NRAMA: How do you weight things in regards to "introducing" a new character or concept to an audience (such as a Camelot 3000 or Frank Miller's Ronin) versus presenting familiar characters and stories (Batman, Superman, Wonder Woman, etc)? Do you feel that the audience for Motion Comics is different than say, a general audience in a bookstore that may peruse DC's trade paperbacks, and thus their familiarity with certain properties may be differnet?
DN: We see it to our advantage to work with stories and characters that have a strong consumer connection. While we will initially prioritize better known characters and stories, as we establish the slate and the form, we intend to expand to lesser known characters and stories as we create a base. The strength of these Motion Comics is in the story, not the popularity of the characters. The audience for motions comics is the core comic fan and the core digital entertainment consumer. Ideally, we'd like to gain the respect of the core, published comic fan, while engaging a new and potentially broader base, both for the Motion Comics and as a way to introduce the comic books to new fans.
NRAMA: As mentioned earlier, clearly, the first two releases have synergy and marketing behind them - how much will that play a role in future releases? Going back to, say, Ronin - would fans expect to see that work as a Motion Comic six months out from that film's eventual release?
DN: Obviously having a core character currently in a major theatrical release like The Dark Knight is helpful, as is the positioning for Zack Snyder's Watchmen that is gearing up for 2009. But for Warner Premiere we knew we wanted to introduce the Motion Comics category itself as a concept at Comic-Con to get the best understanding of how core fans would respond. As for the future development slate, we will always look for opportunities to leverage large promotional platforms in other parts of our company, but will not be limited by that criterion.
NRAMA: Will Motion Comics be presenting original stories and characters?
DN: Our strategy for Motion Comics is to utilize existing characters and stories. The concept is to bring comic experiences to life, not necessarily to create a new art form in and of itself. We will, however, stay nimble and poised to adjust this strategy if the market suggests it is warranted.
Warner Premiere also has plans to develop other types of short form digital content. The future is seemingly limitless and as we continue to refine our plans we believe anything is possible for the digital space.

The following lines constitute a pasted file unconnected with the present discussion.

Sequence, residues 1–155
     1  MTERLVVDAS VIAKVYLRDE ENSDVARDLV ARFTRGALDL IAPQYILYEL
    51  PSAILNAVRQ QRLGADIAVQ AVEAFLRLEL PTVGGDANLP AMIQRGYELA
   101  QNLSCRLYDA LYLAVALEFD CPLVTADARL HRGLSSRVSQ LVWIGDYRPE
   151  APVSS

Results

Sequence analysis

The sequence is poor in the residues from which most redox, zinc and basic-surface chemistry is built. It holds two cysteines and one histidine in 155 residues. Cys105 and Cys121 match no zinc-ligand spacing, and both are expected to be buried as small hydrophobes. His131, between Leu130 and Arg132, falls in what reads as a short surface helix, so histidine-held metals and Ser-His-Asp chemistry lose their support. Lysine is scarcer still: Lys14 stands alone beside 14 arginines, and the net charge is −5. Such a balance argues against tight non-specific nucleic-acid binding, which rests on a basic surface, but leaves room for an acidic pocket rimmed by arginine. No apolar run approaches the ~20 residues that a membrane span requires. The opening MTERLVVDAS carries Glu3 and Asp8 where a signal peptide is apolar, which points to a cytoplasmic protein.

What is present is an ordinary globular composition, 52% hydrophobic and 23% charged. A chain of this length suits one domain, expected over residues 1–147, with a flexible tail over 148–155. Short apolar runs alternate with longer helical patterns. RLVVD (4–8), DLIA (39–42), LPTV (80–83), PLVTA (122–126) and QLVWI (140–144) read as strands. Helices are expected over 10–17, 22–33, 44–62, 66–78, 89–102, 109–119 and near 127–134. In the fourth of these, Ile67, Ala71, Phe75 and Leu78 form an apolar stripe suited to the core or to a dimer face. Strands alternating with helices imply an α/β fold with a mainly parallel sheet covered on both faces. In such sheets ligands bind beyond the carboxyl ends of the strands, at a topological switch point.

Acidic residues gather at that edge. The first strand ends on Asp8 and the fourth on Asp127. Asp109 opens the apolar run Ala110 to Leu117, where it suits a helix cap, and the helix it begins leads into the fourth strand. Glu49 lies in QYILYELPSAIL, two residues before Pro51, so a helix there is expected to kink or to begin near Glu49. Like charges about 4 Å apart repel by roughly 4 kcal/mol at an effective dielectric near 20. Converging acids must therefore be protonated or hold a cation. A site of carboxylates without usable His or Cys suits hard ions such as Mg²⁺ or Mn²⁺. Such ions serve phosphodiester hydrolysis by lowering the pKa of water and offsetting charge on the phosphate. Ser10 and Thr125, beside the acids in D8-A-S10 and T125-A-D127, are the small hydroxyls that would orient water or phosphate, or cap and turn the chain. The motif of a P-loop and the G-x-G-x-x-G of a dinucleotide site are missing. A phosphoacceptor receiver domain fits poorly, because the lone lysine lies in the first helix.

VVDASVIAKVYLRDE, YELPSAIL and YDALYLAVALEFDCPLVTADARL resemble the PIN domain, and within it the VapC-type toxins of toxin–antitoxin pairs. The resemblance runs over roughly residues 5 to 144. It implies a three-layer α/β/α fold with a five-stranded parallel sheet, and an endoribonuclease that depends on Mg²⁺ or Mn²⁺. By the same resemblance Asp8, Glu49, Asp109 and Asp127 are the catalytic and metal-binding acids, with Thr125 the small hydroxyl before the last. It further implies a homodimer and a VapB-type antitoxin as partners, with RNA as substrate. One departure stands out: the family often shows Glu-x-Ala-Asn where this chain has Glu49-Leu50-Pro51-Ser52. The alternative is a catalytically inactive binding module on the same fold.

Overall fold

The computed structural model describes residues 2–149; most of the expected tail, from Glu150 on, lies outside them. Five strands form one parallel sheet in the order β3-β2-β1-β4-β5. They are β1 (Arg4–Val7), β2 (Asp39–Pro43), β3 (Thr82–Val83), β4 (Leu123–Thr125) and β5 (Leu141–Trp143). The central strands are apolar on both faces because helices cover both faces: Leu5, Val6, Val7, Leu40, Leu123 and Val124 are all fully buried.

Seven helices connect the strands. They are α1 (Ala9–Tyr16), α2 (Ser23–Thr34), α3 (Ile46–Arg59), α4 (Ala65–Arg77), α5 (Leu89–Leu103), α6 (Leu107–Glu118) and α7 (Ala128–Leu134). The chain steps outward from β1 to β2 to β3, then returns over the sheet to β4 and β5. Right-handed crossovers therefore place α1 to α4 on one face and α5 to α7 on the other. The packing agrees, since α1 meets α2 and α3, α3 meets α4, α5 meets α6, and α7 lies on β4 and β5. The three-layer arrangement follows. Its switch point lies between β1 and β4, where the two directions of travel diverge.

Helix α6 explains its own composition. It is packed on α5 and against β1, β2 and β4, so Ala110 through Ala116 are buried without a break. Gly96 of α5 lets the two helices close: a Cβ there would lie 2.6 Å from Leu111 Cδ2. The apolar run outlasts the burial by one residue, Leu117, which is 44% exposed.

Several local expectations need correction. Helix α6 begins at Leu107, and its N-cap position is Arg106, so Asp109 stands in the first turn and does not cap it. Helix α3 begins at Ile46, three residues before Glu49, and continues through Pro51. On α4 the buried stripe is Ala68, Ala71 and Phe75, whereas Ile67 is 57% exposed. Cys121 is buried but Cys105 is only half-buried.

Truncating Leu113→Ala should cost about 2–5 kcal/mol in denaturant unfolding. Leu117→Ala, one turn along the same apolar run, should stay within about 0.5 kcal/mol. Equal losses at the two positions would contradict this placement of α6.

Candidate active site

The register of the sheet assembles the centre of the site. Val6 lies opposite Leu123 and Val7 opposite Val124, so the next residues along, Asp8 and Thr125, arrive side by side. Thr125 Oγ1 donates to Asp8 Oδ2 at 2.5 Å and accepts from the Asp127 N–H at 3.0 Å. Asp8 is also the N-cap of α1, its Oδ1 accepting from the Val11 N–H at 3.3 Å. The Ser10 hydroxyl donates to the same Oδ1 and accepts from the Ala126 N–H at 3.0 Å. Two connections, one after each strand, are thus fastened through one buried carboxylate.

NRAMA: With their debut, the Motion Comics are available on iTunes, Xbox and Verizon Vcast. Will there be more outlets added in - such as different phone service providers?
Thomas Gewecke: We’re very pleased with our initial launch partners, and we expect to make Motion Comics broadly available across a number of different digital distribution platforms.
NRAMA: What niche in an audience's entertainment diet do you see Motion Comics filling or even replacing? Is this an "on the bus" read, an “at work” read? At home?
DN: It's not our ambition to replace any comic experience, but rather be additive to what fans already enjoy, or reach an audience that does spend a significant amount of time actively engaged in the space where Warner Bros. Digital Distribution programs Warner Premiere Motion Comics.
NRAMA: How are the original creators of the works involved with the process?
DN: With the titles we have shared for the Comic-Con launch, we have been fortunate enough to work with our peers at DC Comics to call upon the original creators as ambassadors. The success of this category is dependent upon finding the stories and creators who recognize that this is a viable way to bring their creations to new and existing fans in a creative new way. As I mentioned, our experience with Dave Gibbons on Watchmen has been fantastic -- collaborative and supportive. Dave will very likely to have more to say on the experience from his perspective at Comic-Con.
NRAMA: Any hints you can drop in regards to upcoming releases?
DN: Stay tuned - we hope to share more after Comic-Con.